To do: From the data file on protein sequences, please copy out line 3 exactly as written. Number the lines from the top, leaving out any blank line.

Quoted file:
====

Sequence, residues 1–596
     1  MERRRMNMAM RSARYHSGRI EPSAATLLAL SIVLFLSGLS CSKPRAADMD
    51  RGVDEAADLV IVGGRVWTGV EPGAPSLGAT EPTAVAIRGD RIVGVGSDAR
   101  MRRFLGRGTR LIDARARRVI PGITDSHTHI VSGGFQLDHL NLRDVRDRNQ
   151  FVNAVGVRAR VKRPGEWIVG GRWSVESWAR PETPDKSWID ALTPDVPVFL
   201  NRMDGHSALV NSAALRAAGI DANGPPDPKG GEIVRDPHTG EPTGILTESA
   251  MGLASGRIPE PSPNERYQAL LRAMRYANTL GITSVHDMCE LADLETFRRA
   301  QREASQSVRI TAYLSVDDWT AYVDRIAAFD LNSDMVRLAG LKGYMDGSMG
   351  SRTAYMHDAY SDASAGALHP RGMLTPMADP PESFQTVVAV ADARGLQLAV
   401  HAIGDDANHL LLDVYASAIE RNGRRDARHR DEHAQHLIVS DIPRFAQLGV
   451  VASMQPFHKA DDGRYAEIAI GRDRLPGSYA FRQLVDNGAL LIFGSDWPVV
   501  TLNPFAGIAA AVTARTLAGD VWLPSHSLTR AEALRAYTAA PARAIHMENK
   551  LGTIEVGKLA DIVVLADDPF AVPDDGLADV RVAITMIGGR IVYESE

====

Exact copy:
    51  RGVDEAADLV IVGGRVWTGV EPGAPSLGAT EPTAVAIRGD RIVGVGSDAR